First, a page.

Should the Homeless be Arrested?

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Should the Homeless be Arrested?

Katrina Armosolo

Katrina Armosolo

Katrina Armosolo

Ariel Torres, Opinion Editor

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Many Americans go through the suffering of not having a home to go to. During their lifetime; conditions for homeless people are hard enough, and the law doesn’t make it any easier. In an article by LaWeekly, they say, “The minor offenses from which homeless people are often arrested and ticketed include sleeping on the sidewalk, living in a car and low-level drug possession. But of course, those fines might not be easily payable by those living on the street.” The government makes it even more difficult for them by kicking them off certain streets. In LA, there are city officials who declare and move the homeless people to certain areas. If they do not move, they risk arrest. Homeless people should not be arrested for sleeping in the only place they could find.
Homeless people are a target for many things, especially the police. Many of these people have done nothing to cause the police to bother them time and time again, just for needing somewhere to stay. In an article by The Appeal, a woman in San Diego is facing re-arrest because she, “…walks down the wrong streets”. She is not an offender, she was a nursing student that just got evicted. She has a baby and a shelter to stay at for now, but since the shelter is in a place the city declared for her as a, “stay away zone” she must find somewhere else or risk being arrested once more.
Police seem to arrest the homeless when they are only trying to maintain a living. In an article by The Appeal, they also state, “Every day, law enforcement officers across the country issue tickets to those experiencing homelessness as they engage in basic, life-sustaining behaviors, like sleeping on the streets or cooking a meal in public on a griddle. Prosecutors then frequently charge those individuals with crimes.” The city is persecuting these humans who are only trying to survive.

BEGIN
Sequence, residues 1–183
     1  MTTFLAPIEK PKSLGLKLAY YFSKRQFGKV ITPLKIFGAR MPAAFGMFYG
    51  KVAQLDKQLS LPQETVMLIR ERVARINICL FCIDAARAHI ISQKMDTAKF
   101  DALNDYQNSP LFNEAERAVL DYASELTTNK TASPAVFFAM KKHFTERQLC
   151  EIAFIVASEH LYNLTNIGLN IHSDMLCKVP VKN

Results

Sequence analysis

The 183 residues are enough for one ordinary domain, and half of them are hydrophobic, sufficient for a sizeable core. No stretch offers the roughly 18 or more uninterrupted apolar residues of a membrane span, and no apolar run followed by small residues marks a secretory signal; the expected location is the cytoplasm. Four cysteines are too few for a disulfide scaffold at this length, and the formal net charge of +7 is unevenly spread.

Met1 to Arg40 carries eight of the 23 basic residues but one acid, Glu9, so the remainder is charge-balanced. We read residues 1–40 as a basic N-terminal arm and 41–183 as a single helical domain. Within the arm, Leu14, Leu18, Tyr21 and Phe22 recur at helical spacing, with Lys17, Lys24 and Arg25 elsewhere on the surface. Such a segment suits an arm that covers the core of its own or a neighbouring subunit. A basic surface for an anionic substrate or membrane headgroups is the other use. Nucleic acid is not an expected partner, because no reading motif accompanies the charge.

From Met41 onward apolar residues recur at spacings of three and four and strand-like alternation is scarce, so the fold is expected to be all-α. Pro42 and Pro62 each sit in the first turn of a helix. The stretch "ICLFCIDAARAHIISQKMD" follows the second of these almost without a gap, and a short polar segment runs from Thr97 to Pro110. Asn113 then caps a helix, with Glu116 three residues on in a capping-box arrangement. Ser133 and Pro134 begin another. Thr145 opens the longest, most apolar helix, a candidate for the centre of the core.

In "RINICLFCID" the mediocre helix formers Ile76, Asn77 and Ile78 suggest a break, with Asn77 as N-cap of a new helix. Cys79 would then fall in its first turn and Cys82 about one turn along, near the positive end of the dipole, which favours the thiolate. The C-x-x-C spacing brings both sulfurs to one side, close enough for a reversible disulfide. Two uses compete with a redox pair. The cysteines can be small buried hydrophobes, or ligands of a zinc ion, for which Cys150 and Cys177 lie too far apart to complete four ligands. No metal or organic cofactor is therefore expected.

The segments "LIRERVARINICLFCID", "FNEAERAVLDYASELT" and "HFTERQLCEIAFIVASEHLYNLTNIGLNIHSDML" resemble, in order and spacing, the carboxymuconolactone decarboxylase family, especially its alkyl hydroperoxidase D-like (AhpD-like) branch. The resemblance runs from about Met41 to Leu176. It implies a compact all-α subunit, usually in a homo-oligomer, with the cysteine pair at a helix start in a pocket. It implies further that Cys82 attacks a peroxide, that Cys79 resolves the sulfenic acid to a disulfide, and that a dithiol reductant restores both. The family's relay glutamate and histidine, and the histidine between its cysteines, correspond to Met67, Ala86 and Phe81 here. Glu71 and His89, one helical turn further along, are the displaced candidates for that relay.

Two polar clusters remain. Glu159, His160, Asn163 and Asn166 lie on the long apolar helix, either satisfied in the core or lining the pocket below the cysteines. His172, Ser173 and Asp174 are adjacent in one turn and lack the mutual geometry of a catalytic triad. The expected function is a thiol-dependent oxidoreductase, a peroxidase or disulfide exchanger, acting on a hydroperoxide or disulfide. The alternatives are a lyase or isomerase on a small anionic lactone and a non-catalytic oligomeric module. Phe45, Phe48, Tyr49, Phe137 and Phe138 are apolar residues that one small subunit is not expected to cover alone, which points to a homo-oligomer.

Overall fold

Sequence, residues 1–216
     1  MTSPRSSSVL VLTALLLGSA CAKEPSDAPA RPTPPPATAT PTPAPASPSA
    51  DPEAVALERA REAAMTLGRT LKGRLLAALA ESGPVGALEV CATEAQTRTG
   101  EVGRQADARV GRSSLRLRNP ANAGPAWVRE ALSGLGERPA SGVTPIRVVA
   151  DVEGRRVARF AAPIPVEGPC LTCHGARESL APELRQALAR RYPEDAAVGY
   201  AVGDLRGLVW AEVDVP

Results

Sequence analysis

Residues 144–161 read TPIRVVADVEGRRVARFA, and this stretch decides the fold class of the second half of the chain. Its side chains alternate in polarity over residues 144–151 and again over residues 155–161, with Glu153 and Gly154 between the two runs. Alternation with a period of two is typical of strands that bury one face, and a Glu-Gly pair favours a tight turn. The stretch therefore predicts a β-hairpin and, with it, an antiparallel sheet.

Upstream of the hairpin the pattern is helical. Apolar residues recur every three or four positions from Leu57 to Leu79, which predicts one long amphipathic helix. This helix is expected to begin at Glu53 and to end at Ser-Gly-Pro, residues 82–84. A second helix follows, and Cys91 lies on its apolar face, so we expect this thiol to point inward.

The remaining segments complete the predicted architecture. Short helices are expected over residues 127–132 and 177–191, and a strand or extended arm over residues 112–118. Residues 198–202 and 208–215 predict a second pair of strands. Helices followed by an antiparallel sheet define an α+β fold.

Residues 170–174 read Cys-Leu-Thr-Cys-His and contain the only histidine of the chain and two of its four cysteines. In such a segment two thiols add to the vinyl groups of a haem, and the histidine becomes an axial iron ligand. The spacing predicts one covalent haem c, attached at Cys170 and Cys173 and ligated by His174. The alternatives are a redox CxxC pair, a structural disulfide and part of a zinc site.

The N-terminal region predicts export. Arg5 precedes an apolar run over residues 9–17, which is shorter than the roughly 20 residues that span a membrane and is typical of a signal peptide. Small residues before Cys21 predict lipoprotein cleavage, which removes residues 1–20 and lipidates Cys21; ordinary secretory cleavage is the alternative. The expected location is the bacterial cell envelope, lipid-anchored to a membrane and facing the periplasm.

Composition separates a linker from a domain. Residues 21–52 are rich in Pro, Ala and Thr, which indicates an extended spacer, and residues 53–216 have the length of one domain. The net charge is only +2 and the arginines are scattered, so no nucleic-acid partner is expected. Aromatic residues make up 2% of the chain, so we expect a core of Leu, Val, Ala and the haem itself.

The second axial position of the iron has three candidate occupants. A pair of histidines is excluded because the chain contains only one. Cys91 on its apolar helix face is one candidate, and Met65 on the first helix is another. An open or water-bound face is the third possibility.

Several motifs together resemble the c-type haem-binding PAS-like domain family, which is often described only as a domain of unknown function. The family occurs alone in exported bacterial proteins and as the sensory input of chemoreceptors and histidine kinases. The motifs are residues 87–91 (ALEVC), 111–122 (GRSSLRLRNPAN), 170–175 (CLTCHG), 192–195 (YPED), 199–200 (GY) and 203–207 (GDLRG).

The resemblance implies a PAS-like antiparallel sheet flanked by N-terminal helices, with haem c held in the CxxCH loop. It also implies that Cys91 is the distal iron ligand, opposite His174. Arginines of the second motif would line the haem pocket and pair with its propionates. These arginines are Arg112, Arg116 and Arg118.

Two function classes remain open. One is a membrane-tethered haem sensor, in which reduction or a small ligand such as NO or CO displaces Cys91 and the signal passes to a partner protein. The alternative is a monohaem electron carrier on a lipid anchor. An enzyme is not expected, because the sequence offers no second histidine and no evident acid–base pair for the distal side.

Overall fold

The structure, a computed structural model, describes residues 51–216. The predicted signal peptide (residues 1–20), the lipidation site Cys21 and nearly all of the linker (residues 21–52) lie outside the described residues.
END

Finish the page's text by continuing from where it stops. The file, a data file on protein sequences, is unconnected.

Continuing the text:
The criminalization of homelessness is growing, and it is showing no sign of stopping. In many cities across America, city officials are issuing citations to the homeless. In Dallas, police distributed more than 11,000 citations for “sleeping in public”. Clearly, the law makes homlessess people trying to survive a crime. From sleeping, lying down in public, and walking on sidewalks, they are charged and ticketed for it. How does the city expect them to pay it back? What do they get from doing this?
I believe homeless people should not be arrested because they are not doing anything wrong. They are only trying to survive in this world, but the government makes it way harder for them.